It would seem a perfect segue-way from France to Swannanoa would be an introduction to the Celtic music of Brittany. And fortunately for me, there were two fabulous musicians at SwannyG who hosted a “pot luck” session on Breton music. David Surrette (who was also our mandolin instructor for the week) and David Cantieni demonstrated several tunes and also introduced us to the bombard, a traditional Breton instrument. Other than a few passing moments such as John Skelton’s annual traditional Breton dance and hearing about Alex’s tour in Brittany, this was really my first introduction to Breton music and I very much enjoyed it!
The first set of tunes we actually learned in David’s mandolin class, but I’m including them here as it relates more to the topic at hand. These types of tunes are known as Andros, named after the dance (l’en dro in French). These are 3 tunes that one can pick up quickly as they are quite simple and fairly predictable. However, they are easily made more interesting by creating variations on the melodic pattern, especially effective if several people are playing the same simple tune.
Listen to a set of three Andros.
Note that even though David is playing these with lots of variations and accompaniment, the basic tune can be easily understood. Personally, I think this would be a cool set of tunes for our session class (hint hint). Even though they will be new to everyone, we can pick them up easily, and a nice change from the usual jigs and reels.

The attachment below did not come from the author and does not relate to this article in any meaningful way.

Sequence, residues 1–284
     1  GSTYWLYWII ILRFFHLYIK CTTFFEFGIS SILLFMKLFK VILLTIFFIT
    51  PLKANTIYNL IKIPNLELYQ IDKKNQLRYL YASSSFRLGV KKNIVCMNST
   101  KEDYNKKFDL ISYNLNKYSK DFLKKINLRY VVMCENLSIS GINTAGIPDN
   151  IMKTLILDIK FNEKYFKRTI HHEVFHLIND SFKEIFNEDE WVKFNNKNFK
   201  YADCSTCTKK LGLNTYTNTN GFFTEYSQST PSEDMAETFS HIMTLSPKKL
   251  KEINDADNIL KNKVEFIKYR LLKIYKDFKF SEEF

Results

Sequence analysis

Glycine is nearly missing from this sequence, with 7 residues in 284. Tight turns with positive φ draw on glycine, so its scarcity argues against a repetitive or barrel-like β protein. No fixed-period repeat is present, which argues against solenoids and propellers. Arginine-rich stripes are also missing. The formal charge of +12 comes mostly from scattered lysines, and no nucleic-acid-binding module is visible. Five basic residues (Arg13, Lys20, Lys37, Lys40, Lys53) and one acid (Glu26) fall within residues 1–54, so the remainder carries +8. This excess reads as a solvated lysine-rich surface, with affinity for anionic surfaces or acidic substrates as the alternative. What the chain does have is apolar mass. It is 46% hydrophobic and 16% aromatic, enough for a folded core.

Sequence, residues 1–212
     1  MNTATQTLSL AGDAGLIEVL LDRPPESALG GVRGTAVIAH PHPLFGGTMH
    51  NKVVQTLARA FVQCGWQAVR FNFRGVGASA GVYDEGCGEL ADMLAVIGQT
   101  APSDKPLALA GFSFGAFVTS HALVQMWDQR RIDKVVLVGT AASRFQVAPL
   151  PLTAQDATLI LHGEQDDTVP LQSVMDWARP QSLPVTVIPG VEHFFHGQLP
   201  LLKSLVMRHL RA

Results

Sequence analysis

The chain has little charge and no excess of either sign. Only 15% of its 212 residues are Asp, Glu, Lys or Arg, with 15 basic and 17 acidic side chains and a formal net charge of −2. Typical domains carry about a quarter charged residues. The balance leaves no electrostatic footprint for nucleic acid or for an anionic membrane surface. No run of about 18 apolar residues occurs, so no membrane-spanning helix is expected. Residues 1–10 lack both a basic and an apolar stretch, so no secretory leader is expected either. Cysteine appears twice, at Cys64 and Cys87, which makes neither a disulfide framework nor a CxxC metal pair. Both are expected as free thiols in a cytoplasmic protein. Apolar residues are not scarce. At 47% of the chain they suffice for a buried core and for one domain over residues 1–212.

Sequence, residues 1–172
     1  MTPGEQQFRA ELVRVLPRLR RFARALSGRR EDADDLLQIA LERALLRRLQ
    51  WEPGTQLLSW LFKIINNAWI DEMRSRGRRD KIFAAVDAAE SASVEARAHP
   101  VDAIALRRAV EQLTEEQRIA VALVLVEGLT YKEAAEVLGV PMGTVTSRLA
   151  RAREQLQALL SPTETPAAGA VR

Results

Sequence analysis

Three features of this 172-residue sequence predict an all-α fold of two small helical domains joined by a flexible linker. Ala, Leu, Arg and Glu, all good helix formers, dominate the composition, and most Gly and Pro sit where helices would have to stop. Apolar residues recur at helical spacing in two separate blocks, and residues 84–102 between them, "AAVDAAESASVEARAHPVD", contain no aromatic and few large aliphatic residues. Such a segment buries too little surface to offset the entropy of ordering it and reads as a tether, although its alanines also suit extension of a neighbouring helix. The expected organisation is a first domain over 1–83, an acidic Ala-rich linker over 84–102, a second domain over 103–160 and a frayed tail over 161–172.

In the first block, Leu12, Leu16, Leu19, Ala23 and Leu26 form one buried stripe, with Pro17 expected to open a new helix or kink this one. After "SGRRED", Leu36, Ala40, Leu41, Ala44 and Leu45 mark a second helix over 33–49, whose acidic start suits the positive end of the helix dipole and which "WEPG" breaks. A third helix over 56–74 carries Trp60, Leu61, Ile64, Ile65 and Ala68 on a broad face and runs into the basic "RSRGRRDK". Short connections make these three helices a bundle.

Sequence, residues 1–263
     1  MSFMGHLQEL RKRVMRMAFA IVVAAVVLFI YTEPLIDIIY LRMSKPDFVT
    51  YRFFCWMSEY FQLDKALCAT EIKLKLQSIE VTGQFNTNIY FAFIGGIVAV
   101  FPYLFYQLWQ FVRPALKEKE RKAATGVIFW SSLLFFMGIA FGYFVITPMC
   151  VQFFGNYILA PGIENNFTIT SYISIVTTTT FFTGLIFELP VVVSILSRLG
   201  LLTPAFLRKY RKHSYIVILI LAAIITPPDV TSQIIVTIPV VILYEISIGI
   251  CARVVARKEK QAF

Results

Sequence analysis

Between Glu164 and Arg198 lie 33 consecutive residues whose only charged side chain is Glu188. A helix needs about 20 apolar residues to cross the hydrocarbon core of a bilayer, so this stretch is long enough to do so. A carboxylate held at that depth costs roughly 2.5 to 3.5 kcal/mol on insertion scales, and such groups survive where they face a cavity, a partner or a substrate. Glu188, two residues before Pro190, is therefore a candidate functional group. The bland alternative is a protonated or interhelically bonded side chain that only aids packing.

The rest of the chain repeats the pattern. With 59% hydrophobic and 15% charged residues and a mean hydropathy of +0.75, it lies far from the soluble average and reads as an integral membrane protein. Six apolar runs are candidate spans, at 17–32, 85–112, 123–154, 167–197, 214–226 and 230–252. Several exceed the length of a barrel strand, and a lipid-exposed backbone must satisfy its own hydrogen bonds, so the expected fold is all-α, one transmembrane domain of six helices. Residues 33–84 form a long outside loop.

The next tune was played on the Bombard (Bombarde in French) by David Cantieni. The Bombard is one loud instrument that apparently requires quite a bit of air pressure from the player. It is one of several instruments that as far as I know are fairly unique to this region. Another is the Biniou, which was described as mini-bagpipes. Apparently the Biniou is an octave above the Bombard, and though we didn’t have a demonstration, I’m guessing packs a similar sound. Clearly, these instruments would have no trouble being heard at an outdoor dance (in the next town).
Listen to a tune played on the Bombard.
The last tune was my personal favorite from the pot-luck which was a call and response on flute and mandolin. Note that the tune is in 6/4 time. Normally, the call and response would be between a Bombard and Biniou, giving the Bombard player a chance to catch his or her breath. One thing that I thought was especially enjoyable musically is that the Bombard (or in this example, the flute) doesn’t come in at the beginning of a part, but instead several notes ahead of the measure. Quite tasty!
Listen to an example of Breton Call and Response.
I look forward to exploring these very unique Celtic tunes in the future, especially as it represents a perfect intersection of Karen and my interests. Time to start planning to attend Festival Interceltique in the not so distant future. Anyone care to join us?